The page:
shouldn't we use the heuristic 1.123/log n instead?

No, we shouldn't.

>by Mertens theorem, the probability that an integer [n] isn't
>divisible by any primes up to x is exp(-gamma)/log x

This is true for integers n >> x.
But fails when x gets as large as sqrt(n).

-Mike Oakes

[Non-text portions of this message have been removed]
• As expected, my idea proposed below is not new. David Broadhurst and Phil Carmody (both missed members of this list, unlike the Goldbach-proving spammers)
Message 3 of 3 , Feb 4, 2005
As expected, my idea proposed below is not new. David Broadhurst and Phil
Carmody (both missed members of this list, unlike the Goldbach-proving
spammers) pointed me towards the twin-prime constant C2 = 0.660162, which is
the ratio between Mertens' product and `my' product below. One can use
Cohen's methods from http://www.math.u-bordeaux.fr/~cohen/hardylw.dvi to
compute C2 to high-precision, as pointed out by David Broadhurst. Mike Oakes
also pointed out (off list) an interesting site regarding the twin-prime
constant, the page by Xavier Gourdon at
http://numbers.computation.free.fr/Constants/Primes/twin.html. If this isn't
enough, the owners of Crandall & Pomerance's book can have a look at chapter
1, who has a derivation of the twin prime conjecture.

Décio

On Thursday 03 February 2005 23:49, you wrote:
> For p prime, the integer p-1 is an important quantity in certain analyses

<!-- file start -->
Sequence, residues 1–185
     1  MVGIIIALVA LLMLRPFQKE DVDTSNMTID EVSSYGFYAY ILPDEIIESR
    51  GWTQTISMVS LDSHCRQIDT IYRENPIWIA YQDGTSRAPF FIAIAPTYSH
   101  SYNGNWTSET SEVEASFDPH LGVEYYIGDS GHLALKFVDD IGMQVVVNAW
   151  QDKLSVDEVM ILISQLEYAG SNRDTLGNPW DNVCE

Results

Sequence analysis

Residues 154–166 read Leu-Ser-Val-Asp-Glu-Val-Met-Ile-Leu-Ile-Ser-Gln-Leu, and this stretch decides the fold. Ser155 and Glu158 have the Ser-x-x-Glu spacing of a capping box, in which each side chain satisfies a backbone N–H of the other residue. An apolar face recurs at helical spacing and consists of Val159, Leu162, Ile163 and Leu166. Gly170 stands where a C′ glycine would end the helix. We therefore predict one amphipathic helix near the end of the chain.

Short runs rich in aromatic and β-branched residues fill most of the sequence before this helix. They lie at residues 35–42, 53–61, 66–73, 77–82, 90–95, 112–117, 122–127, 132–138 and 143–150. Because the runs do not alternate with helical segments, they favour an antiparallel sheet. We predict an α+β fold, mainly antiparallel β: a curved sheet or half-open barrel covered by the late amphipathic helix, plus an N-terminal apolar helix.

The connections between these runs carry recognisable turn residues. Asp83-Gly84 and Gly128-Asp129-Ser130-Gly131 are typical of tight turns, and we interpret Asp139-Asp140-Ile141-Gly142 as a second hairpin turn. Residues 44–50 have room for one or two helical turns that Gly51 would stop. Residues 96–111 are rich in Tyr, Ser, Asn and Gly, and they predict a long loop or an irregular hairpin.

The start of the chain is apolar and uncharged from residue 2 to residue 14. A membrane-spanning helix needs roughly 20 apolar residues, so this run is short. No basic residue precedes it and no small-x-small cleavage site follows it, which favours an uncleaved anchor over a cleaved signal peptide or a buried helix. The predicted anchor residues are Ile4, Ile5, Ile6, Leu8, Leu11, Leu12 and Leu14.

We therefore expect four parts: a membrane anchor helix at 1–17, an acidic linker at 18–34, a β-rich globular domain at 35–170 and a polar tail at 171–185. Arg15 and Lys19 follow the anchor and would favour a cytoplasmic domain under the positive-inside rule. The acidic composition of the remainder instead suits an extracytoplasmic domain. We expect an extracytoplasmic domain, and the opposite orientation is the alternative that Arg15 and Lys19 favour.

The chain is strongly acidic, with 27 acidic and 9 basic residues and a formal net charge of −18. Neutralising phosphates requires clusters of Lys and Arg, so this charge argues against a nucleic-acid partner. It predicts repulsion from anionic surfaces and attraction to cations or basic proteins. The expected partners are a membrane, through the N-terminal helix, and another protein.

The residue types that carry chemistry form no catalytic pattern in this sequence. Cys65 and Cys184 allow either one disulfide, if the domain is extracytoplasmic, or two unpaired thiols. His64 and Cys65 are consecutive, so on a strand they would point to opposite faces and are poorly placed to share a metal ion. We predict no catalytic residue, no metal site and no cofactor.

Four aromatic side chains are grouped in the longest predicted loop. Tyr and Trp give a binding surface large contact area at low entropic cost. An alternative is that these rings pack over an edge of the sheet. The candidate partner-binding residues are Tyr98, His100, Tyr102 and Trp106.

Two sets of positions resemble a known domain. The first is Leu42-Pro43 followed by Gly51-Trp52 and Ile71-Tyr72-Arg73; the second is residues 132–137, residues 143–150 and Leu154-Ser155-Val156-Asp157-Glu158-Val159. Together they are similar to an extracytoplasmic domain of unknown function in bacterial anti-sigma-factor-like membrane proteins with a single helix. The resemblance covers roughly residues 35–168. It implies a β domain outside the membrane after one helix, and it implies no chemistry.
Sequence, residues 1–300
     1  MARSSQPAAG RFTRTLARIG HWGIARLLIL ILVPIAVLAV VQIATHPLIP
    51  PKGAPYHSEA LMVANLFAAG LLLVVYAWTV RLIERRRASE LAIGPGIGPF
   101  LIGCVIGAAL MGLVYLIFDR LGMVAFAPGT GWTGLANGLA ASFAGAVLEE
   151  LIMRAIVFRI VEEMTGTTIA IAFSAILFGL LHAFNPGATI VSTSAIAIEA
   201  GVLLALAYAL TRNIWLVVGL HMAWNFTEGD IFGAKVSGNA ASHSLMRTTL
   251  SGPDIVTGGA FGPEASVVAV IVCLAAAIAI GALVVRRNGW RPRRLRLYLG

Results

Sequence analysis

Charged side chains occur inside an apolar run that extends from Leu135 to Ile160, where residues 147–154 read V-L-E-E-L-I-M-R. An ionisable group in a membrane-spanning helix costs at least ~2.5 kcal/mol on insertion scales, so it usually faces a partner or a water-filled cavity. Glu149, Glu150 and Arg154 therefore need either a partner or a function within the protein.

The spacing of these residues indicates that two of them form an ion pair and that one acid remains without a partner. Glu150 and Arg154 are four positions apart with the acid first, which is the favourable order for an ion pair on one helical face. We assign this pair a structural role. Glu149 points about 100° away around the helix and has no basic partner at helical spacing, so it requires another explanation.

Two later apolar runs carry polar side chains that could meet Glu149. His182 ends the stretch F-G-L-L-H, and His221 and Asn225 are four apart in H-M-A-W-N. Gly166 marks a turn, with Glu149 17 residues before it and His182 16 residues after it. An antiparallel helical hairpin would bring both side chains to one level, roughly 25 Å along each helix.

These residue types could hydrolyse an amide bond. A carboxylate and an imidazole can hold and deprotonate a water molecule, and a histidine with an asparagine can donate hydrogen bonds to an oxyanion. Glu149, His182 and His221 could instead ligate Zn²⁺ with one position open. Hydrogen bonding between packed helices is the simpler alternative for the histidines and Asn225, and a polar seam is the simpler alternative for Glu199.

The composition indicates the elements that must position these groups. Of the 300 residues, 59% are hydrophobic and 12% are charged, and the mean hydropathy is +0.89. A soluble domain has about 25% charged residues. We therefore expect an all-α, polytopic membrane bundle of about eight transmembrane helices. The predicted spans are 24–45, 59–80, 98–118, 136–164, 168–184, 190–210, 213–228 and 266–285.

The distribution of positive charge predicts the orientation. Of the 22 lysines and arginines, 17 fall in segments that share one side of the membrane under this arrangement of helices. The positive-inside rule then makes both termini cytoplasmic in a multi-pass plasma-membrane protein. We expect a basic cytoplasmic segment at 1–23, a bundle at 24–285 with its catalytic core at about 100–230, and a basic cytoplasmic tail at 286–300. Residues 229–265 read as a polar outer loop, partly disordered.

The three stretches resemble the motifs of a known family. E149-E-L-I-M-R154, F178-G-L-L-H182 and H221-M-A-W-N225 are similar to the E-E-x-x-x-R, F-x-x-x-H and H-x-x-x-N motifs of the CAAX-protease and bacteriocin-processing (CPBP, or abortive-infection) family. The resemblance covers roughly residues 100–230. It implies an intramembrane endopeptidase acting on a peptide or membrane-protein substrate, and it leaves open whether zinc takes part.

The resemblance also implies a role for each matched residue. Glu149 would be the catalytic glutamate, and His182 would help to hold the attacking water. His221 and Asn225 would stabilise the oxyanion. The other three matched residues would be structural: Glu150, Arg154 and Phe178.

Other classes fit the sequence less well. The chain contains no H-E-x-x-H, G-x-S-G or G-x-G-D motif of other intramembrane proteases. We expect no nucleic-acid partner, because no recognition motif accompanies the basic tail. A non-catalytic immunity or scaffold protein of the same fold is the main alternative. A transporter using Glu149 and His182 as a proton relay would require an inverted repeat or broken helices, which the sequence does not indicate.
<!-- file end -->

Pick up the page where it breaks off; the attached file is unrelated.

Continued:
> (particularly if they involve the group (Z/pZ)*), but as I recall, this
> integer is usually considered as `a random integer in the vicinity of p' in
> such analyses (except perhaps by considering that it is even).
>
> However, a neat idea occurred to me: just as the probability that 2 divides
> this integer is skewed in comparison to a random integer (it's 1 in this
> case but 1/2 for a random integer), so is the probability that it is
> divisible by any other prime. Consider for instance the residue class of p
> mod 3; unless p itself is 3, then p == 1 or 2 mod 3, with equal probability
> for each residue class. So p-1 == 0 or 1 mod 3 also with equal probability.
> Thus, p-1 is divisible by 3 with probability 1/2, not 1/3 as expected.
> Using the same argument, p-1 is divisible by a given prime q with
> probability 1/(q-1), not 1/q.
>
> The first implication that occurred to me is that one shouldn't use
> Mertens' theorem in any analyses involving p-1 where p is prime. For
> instance, I computed the probability that primes from 3 to 31337 divide a
> given integer using Mertens' theorem; the result is 0.1085. Using PARI/GP
> to evaluate the product (1 - 1/(p-1)) for primes p from 3 to 31337, I
> obtained 0.07157. The difference is quite real.
>
> I'll try to work out an estimate, similar to Mertens' theorem, but for the
> product (1 - 1/(p-1)) instead. However, I'm pretty sure David Broadhurst or
> Mike Oakes will beat me to it (:
>
> I don't know how useful this is (probably not useful at all), but I thought
> it was neat and worth mentioning.

[Non-text portions of this message have been removed]